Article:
hematite nanotubes, and the dissolution is not uniform from
spindle to spindle and even for a single spindle (see
Figure 3 b,c). Furthermore, the diameter of the final nanotubes is larger and the surface is smoother than those of the
spindlelike precursors, which indicates that recrystallization
on the surface also accompanies the “dissolution” process.
This process is similar to that occurring in ZnO, which
“etches” from the center of the hexagonal disks to form
hexagonal rings.[19]
Although the formation process of the nanotubes has
been deduced, the intrinsic cause of the shape transformation
from spindle to tube is still unclear. The growth control of
hematite nanocrystals by the adsorption of phosphate ions has
been extensively studied.[10, 18] Our investigations show that
phosphate adsorption on the hematite surface takes place,
and that these adsorbed phosphate ions cannot be removed
by washing (Supporting Information).[20] The adsorption
behavior of anions on oxides and hydroxides depends on
the surface properties, particularly the surface hydroxy group
configuration.[21] The adsorption of phosphate on hematite
occurs by reaction with the singly coordinated surface
hydroxy groups to form a monodentate or bidentate innersphere complex.[22] A hematite crystal has a rhombohedrally
centered hexagonal structure of the corundum type with a
close-packed lattice in which two thirds of the octahedral sites
are occupied by Fe3+ ions (see Figure 4 a). In a typical crystal
unit, each Fe atom is surrounded by six O atoms, whereas
each O atom is bound to four Fe atoms. Due to these
characteristics of the corundum structure, the surface hydroxy
group configuration of the various crystal faces of hematite is
quite different.[21] For (001) planes (see Figure 4 b), the
surface hydroxy functions are all doubly coordinated, whereas
for other planes that commonly occur at the surface of natural
and artificial hematite crystals, such as the (100), (110), (012),
and (104) planes, singly coordinated surface hydroxy groups
are present. Therefore, the adsorption capacities and affinities
for phosphate to hematite are much lower for the (001) planes
than for the others,[22a] and the adsorbed phosphate will
protect them from further reaction. Although previous
studies[23] have shown that dissolution of hematite does not
appear to take place preferentially at specific crystal faces, the
selective adsorption of phosphate ions on the crystal planes
parallel to the c axis other than (001) favors the dissolution
along the c axis and causes the hematite tube to grow in the
[001] direction.
Besides the selective adsorption of phosphate ions at
different faces, the coordination effect of phosphate ions with
Fe3+ ions is another important aspect in the formation of
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than 6.5 D 104 m, nanorods or only a few nanotubes are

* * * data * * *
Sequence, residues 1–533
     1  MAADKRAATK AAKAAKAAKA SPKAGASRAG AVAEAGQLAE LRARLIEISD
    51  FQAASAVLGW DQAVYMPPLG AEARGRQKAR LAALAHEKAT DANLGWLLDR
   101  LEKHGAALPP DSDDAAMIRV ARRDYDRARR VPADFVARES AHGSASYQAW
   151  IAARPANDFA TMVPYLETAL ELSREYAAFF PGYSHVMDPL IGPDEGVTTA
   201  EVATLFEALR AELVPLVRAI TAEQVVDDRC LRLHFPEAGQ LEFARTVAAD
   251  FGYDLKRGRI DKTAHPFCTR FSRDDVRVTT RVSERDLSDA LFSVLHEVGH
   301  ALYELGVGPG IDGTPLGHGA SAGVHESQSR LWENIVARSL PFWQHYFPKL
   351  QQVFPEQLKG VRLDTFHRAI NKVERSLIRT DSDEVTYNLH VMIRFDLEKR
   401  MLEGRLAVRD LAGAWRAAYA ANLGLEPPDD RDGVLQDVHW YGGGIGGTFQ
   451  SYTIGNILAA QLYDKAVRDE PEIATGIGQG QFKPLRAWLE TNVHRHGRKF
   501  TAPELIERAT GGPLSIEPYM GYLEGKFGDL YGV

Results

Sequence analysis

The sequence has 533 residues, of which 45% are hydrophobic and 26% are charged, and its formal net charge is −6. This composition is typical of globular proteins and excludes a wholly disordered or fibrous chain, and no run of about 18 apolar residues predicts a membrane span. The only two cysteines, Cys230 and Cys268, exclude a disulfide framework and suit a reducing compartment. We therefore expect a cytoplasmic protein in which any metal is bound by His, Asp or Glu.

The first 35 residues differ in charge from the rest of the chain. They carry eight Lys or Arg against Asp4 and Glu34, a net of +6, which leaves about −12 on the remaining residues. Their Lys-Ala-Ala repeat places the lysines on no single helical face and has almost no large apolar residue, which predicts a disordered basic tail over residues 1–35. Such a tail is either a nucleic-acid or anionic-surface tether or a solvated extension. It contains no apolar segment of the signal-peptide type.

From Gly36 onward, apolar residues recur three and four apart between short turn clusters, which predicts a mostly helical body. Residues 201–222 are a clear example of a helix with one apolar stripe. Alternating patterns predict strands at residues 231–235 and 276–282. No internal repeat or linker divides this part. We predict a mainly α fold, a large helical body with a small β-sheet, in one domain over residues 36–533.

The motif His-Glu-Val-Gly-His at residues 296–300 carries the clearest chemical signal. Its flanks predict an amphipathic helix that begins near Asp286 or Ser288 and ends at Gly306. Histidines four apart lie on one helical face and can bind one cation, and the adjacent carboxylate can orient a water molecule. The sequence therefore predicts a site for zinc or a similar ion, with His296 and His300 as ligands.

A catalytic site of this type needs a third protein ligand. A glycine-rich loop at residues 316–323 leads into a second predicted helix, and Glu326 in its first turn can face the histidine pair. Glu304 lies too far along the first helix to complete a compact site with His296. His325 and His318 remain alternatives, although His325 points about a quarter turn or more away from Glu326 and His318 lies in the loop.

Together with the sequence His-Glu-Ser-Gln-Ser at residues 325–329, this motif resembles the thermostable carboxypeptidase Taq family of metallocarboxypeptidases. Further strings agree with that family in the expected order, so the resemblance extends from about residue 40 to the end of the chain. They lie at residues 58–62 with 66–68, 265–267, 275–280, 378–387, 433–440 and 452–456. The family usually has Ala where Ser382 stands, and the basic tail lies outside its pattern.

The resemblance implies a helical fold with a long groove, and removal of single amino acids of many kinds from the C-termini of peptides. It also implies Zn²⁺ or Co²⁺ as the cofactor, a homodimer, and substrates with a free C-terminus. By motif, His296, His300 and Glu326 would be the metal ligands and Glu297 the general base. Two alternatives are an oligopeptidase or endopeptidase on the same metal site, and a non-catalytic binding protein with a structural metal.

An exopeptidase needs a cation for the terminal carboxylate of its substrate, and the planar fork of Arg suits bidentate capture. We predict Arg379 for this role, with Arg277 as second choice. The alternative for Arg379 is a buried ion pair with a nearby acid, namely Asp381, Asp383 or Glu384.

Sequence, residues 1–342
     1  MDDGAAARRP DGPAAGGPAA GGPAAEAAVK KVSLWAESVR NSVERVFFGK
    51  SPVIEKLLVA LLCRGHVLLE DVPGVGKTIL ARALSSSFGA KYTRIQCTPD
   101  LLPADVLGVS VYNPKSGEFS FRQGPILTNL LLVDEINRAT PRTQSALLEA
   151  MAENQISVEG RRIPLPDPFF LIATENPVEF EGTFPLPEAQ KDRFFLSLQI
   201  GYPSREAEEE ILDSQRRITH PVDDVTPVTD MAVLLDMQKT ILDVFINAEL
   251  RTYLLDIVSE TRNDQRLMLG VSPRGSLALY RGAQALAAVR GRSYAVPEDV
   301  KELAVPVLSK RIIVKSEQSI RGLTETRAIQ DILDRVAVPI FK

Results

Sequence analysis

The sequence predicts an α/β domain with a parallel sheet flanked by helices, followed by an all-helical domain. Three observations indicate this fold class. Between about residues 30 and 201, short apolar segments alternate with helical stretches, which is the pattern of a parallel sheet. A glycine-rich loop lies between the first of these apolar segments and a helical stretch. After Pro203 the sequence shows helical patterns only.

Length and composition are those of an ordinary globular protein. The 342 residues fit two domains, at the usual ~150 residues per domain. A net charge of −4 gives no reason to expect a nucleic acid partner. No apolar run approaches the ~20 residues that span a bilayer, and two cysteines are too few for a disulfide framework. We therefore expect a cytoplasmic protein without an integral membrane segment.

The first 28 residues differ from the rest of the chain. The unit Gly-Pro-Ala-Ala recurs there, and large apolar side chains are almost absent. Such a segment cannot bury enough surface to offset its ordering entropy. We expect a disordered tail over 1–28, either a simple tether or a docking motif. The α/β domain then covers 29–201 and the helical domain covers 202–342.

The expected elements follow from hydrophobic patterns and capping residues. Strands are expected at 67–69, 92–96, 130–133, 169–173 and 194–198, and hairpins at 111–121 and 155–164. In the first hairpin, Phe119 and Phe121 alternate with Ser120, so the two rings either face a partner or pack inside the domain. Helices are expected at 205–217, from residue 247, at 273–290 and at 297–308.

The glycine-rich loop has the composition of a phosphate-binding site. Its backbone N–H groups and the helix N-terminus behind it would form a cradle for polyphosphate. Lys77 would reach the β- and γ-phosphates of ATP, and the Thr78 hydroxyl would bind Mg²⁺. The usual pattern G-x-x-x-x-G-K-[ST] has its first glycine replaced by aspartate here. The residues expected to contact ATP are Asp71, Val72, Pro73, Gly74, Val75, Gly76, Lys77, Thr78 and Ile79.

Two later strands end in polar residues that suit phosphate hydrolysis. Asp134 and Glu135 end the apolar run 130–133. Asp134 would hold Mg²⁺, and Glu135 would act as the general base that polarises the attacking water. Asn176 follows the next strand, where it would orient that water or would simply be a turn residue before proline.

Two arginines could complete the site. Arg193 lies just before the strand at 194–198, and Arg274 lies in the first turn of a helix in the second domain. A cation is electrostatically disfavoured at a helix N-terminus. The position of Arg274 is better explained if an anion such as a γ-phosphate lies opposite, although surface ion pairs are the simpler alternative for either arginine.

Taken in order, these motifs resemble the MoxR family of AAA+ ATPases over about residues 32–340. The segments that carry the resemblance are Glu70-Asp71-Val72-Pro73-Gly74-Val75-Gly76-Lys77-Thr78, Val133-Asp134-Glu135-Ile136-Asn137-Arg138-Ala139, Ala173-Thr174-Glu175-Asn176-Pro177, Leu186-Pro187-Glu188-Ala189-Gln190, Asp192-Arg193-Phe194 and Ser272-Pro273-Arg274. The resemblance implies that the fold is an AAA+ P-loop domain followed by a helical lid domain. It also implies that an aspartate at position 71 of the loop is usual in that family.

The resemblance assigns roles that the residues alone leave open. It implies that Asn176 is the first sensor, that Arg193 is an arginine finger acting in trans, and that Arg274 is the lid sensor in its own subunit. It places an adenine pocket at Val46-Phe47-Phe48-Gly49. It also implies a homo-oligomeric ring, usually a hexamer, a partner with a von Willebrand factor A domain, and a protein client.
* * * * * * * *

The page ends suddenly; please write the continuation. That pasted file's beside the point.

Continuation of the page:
obtained instead of large amounts of nanotubes. On the other
hand, a relatively large phosphate ion concentration (> 1.0 D
103 m) destroys the tubes. Under basic conditions only solid
particles are obtained, and the mediation effect of phosphate
ions is weak. Moreover, tubular structures are not formed due
to the lack of spindle precursors, and the high pH value does
not favor the dissolution. Other ions that coordinate to Fe3+,
like SO42, also lead to the “dissolution” of the spindle
precursors and formation of the final tubular product. Studies
on the formation of other kinds of hematite nanostructures,
based on this dissolution process, are still in progress.
Maghemite, and especially its nanostructures,[24] are
scientifically interesting and technologically important as a
type of magnetic material. We were able to obtain maghemite
nanotubes by a reduction and re-oxidation process starting
with the hematite nanotubes as precursors. Figure 5 a shows
an SEM image of the maghemite nanotubes obtained.
Compared with the corresponding hematite precursors, the
size, tubular structure, and the single-crystal nature are
perfectly maintained for maghemite. The XRD patterns of
the maghemite nanotubes are shown in Figure 5 b; all of them
can be well indexed to a pure spinel structure of maghemite
Figure 4. Schematic structures of hematite: a) crystal structure
projection on the (110) plane: the repeating elemental sequence is
(O,Fe,Fe)n along the c axis; b) crystal structure projection on the O-terminated (001) plane, in which O atoms are all doubly coordinated by
Fe atoms. Compared with other planes, the adsorption capacities and
affinities for phosphate are much lower for (001) owing to the absence
of singly coordinated hydroxy groups.
nanotubes. As for the “dissolution” of the hematite particles,
the following reactions take place:
Fe2 O3 þ 6 Hþ ! 2 Fe3þ þ 3 H2 O
ð1Þ
Fe3þ þ x H2 PO4 ! ½FeðH2 PO4 Þx 3x
ð2Þ
The formation of [Fe(H2PO4)x]3x [Eq. (2)] forces Equation (1) toward the right-hand side and speeds up the